In late January, an online forum for the songwriting project February Album Writing Month (FAWM) received a cryptic post from its founder, Burr Settles.
"FAWM intergalactic headquarters has been working on a top-secret project with a music tech startup that should make your FAWM collabs easier and more awesome," he wrote. That startup is the Pittsburgh-based Nebulus, and the project is a month-long partnership between the two dynamic collaborative-music sites, which started Feb. 1.
Last April, Carnegie Mellon University graduate Robert Kotcher founded Nebulus as an online audio workstation for long-distance collaboration. Nebulus has since shifted its focus to arrangement — as opposed to recording — but the underlying problem remains: It's hard for musicians to collaborate effectively online.
"We still want to solve this issue where musicians have trouble working together if they're not in the same place," says Kotcher. Instead of recreating a workstation like Garageband, Nebulus' six-person team created a clean, simplified workshop where musicians can edit, arrange and collaborate on their demos online.
Around the same time, Settles, who works full time as a software engineer at Duolingo, was working on a rebrand of his own. FAWM, which challenges songwriters to write 14 original songs in February, needed a new website. When Settles started FAWM with three friends in 2004, it was simply a way to jumpstart their musical output. But the project and its blog gradually caught on. Last February, FAWMers from 61 countries across six continents produced more than 10,000 songs in the short month.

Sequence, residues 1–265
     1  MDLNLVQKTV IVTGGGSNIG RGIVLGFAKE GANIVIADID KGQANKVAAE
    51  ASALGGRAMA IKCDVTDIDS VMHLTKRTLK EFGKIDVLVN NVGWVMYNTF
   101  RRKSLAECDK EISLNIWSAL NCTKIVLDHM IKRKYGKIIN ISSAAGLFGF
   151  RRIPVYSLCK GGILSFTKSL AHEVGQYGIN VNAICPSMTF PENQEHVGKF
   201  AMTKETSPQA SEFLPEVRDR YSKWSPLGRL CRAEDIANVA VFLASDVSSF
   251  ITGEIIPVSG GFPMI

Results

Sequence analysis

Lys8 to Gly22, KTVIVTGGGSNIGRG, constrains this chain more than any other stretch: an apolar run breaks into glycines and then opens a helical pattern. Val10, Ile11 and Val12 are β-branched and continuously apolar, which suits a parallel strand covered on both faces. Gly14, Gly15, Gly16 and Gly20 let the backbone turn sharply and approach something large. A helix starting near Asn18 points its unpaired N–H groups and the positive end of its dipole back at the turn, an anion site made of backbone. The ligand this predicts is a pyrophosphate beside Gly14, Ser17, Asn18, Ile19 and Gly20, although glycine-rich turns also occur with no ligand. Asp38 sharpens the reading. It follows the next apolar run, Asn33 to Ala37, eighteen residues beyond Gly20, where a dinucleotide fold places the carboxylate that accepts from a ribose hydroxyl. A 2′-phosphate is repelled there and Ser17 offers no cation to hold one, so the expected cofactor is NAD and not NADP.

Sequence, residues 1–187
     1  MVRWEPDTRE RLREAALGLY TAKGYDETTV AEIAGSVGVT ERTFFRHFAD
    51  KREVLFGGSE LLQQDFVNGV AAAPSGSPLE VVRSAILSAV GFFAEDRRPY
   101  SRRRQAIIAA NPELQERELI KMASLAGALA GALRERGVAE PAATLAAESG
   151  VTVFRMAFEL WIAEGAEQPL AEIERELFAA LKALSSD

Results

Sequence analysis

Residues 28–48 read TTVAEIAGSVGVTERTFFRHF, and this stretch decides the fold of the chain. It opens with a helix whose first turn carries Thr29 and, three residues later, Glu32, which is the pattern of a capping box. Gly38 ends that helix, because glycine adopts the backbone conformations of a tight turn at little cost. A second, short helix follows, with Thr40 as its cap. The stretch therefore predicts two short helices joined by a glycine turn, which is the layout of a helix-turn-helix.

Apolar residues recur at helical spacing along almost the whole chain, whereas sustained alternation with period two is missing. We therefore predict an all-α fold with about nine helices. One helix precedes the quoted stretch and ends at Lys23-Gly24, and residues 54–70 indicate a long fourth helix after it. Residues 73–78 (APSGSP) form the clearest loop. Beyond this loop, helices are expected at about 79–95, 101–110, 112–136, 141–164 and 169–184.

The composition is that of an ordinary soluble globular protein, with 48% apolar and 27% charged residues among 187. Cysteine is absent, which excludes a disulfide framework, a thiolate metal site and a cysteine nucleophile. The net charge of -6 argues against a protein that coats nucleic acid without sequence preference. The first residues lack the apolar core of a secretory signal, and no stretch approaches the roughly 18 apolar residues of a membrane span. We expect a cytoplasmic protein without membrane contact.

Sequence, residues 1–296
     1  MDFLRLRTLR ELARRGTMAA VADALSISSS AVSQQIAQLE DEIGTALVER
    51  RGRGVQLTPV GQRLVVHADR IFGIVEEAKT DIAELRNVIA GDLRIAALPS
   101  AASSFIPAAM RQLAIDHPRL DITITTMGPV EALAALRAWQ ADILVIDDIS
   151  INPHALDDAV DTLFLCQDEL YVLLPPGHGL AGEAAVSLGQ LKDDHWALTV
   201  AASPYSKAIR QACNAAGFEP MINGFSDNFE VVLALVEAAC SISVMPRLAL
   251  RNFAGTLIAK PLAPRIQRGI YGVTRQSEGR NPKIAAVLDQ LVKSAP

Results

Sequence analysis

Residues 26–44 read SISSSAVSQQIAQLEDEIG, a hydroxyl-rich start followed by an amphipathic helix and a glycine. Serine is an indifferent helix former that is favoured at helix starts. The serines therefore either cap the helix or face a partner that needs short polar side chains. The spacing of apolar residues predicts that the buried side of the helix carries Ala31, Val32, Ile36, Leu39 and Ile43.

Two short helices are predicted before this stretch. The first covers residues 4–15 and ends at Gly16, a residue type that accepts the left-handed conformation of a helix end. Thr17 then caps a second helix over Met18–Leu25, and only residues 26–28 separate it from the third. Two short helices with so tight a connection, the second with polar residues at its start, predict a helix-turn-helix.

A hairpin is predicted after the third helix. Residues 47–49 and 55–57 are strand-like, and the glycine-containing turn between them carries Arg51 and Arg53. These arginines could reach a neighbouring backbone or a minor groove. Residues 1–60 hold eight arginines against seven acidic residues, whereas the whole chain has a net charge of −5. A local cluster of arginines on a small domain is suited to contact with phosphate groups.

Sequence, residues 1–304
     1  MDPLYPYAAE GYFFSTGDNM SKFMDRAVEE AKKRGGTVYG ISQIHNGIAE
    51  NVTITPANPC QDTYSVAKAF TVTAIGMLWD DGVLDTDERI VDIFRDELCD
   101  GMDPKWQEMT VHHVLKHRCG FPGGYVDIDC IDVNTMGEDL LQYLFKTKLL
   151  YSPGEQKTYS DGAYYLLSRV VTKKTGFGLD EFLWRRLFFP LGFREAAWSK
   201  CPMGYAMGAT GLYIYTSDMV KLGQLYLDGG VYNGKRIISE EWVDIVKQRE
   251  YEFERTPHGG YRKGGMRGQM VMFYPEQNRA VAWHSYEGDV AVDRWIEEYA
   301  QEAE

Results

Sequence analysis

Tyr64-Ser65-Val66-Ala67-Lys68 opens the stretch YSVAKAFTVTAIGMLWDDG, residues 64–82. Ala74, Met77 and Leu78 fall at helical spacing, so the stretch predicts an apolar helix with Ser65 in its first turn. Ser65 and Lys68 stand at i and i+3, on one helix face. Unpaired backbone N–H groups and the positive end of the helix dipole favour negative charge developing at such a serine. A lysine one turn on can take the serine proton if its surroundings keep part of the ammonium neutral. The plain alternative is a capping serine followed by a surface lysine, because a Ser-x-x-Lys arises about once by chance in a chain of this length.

While online collaboration between FAWMers was always encouraged, it was not particularly easy. So when Nebulus reached out to FAWM in late 2014, Settles saw a mutually beneficial opportunity. FAWM needed simplified online collaboration; Nebulus needed user feedback.
By Feb. 1, the new FAWM site was finished and Nebulus began hosting the demos through its own site, while providing users with new interactive songwriting tools. For the first time, FAWMers could comment, collaborate and interact on their songs all in one place.
"We're hoping it's a good springboard," said Settles. "Because we've already got thousands of motivated songwriters from all over the world who would jump at the chance to use this."
In the first 24 hours of FAWM 2015, they received more than 600 songs.